By Ana María Rodríguez, Ph.D.
Kinases form a large family of proteins that seem to be involved in nearly every aspect of cell life. Faulty protein kinases have been found in a number of human conditions, including cardiovascular diseases, cancer and diabetes, and this has triggered much interest in understanding their regulatory mechanisms in order to design effective therapies.
Some protein kinases have similar structures, which has led some researchers to propose that the activity of these kinases is probably regulated in a similar manner and, therefore, may be targeted with similar medications. In a paper published in the journal Structure, a multidisciplinary team from Baylor College of Medicine, the University of Kassel, the King Abdullah University of Science and Technology, the Lawrence Berkeley National Laboratory and the University of California, San Diego have discovered that this may not always be the case.
“Kinases add a phosphate group to other proteins and this addition is like flipping a switch; it modifies the activity of the protein,” said Dr. Choel Kim, assistant professor in pharmacology and the Verna and Marrs McLean Department of Biochemistry and Molecular Biology at Baylor, and senior author of this report. “About 2 percent, or nearly 500, of all human genes are dedicated to coding protein kinases and over 50 percent of kinases are linked to various human diseases.”
Kim and colleagues are interested in studying the activation mechanism of protein kinase G I (PKG I). Their interest derives from their previous study published in The American Journal of Human Genetics in which they found a mutation of PKG I to cause thoracic aortic disease.
Understanding how PKG I regulates its activity
PKG I is a large molecule. It has a regulatory (R) domain and a catalytic (C) domain. When R and C domains are together, PKG I is inactive or dormant. It does not phosphorylate other proteins. To be active, PKG I needs a small compound called cGMP, a cyclic nucleotide, to bind to the R domain, which will then free the C domain to carry on phosphorylation of other proteins.
“We think that targeting the R domain might be a way to effectively regulate the activity of PKG I involved in disease because this R domain is unique for this kinase. But first we need to understand how the R domain works,” said Kim.
The regulation mechanisms of both PKG and its closest homologue PKA are dependent on the high affinity interaction between the R- and C-domains in the absence of cyclic nucleotide and the drastic reduction of their affinity in the presence of nucleotide. In PKA, because the R- and C-subunits are separate polypeptide chains, they diffuse away upon activation, preventing possible reassociation that may causes unnecessary inhibition. Unlike PKA, the presence of the R- and C-domains on the same peptide chain in PKG can enhance the R-C interaction and this may cause this unnecessary inhibition even in the presence of cGMP. However, little is known about how PKG circumvents this unintended inhibition.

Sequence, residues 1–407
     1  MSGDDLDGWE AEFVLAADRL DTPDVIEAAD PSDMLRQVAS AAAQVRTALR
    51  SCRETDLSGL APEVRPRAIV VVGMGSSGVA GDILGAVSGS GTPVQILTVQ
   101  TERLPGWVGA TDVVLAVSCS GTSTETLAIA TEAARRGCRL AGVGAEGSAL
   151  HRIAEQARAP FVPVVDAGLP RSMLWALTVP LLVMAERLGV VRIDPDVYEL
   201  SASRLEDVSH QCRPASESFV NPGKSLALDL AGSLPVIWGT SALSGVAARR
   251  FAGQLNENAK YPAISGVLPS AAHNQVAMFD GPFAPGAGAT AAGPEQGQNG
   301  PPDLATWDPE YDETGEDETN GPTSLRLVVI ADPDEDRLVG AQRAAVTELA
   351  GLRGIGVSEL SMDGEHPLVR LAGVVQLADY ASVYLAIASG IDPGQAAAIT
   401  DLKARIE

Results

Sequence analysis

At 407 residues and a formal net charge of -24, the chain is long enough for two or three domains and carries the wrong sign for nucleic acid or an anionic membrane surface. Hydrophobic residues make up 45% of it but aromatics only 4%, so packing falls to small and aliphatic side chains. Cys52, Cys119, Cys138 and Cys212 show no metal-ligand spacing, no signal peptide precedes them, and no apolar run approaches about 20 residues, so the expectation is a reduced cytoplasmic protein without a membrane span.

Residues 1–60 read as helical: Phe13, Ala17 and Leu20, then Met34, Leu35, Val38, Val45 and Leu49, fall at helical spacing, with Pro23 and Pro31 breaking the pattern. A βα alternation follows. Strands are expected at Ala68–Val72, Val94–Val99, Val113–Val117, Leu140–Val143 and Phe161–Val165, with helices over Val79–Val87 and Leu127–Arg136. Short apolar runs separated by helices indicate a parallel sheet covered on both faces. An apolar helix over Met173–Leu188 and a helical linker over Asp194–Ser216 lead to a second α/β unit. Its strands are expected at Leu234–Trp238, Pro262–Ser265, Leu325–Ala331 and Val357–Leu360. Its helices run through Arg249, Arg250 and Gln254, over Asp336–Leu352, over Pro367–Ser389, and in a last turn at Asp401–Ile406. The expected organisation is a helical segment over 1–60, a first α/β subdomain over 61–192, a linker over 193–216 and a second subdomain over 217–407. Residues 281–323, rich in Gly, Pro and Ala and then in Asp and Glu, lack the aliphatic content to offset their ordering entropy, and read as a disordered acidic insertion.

Crystal structure of PKG1 in its active form reveals a new regulatory mechanism
To study how PKGI regulates its activity, the researchers determined for the first time the crystal structure of the regulatory domain bound to cGMP, which is the activate form. They compared the crystal structure of PKGI with that of PKA.
In both PKA and PKG, the regulatory domains seem to form additional dimer contacts through their cyclic nucleotide binding domains, key domains that are critical for binding cyclic nucleotides for activation as well as for binding the catalytic domain for inhibition in the absence of cyclic nucleotides. But, in the case of PKG I, the crystal structure revealed that cGMP provides critical dimer contacts creating a new equilibrium species that may prevent the R- and C interaction.
“Having a regulatory domain that dimerizes through cGMP allows the regulatory domains to compete for each other and thus prevent this unnecessary R-C interaction. This can help sustain kinase activity critical for relaxing smooth muscle.”
“Our study reveals a new activation mechanism for protein kinases, which we suggest to be considered in the design of drugs that target PKGI,” said Kim.
Other researchers who collaborated in this research include Jeong Joo Kim from the Department of Pharmacology at Baylor; Robin Lorenz from the Department of Biochemistry of the University of Kassel, Germany; Stefan T. Arold at the Computational Bioscience Research Center of King Abdullah University of Science and Technology in Saudi Arabia; Albert S. Reger from the Department of Pharmacology at Baylor and who is currently at Patheon Biologics-STL, St. Louis; Banumathi Sankaran from the Berkeley Center for Structural Biology, Lawrence Berkeley National Laboratory, Berkeley, California; Darren E. Casteel from the Department of Medicine, University of California, San Diego; and Friedrich W. Herberg from the Department of Biochemistry of the University of Kassel, Germany.
This project was supported by NIH grants R01 GM090161 and R21 HL111953, NCI (Y1-CO-1020), NIGMS (Y1-GM-1104), a grant from CCP4, and the STFC in the UK. In addition, this research received support from the King Abdullah University of Science and Technology (KAUST), the Federal Ministry of Education and Research Project NO PAIN (FKZ 0316177F) and the European Union (EU) FP7 collaborative project AFFINOMICS (contract no. 241481). The Berkeley Center for Structural Biology is supported in part by the NIH, the National Institute of General Medical Sciences, and the Howard Hughes Medical Institute. The Advanced Light Source is supported by the Director, Office of Science, Office of Basic Energy Sciences, of the U.S. Department of Energy under contract no. DE-AC02-05CH11231. The SIBYLS beamline (ALS) is supported in part by US DOE program Integrated Diffraction Analysis Technologies (IDAT) and the NIH project MINOS (R01 GM105404).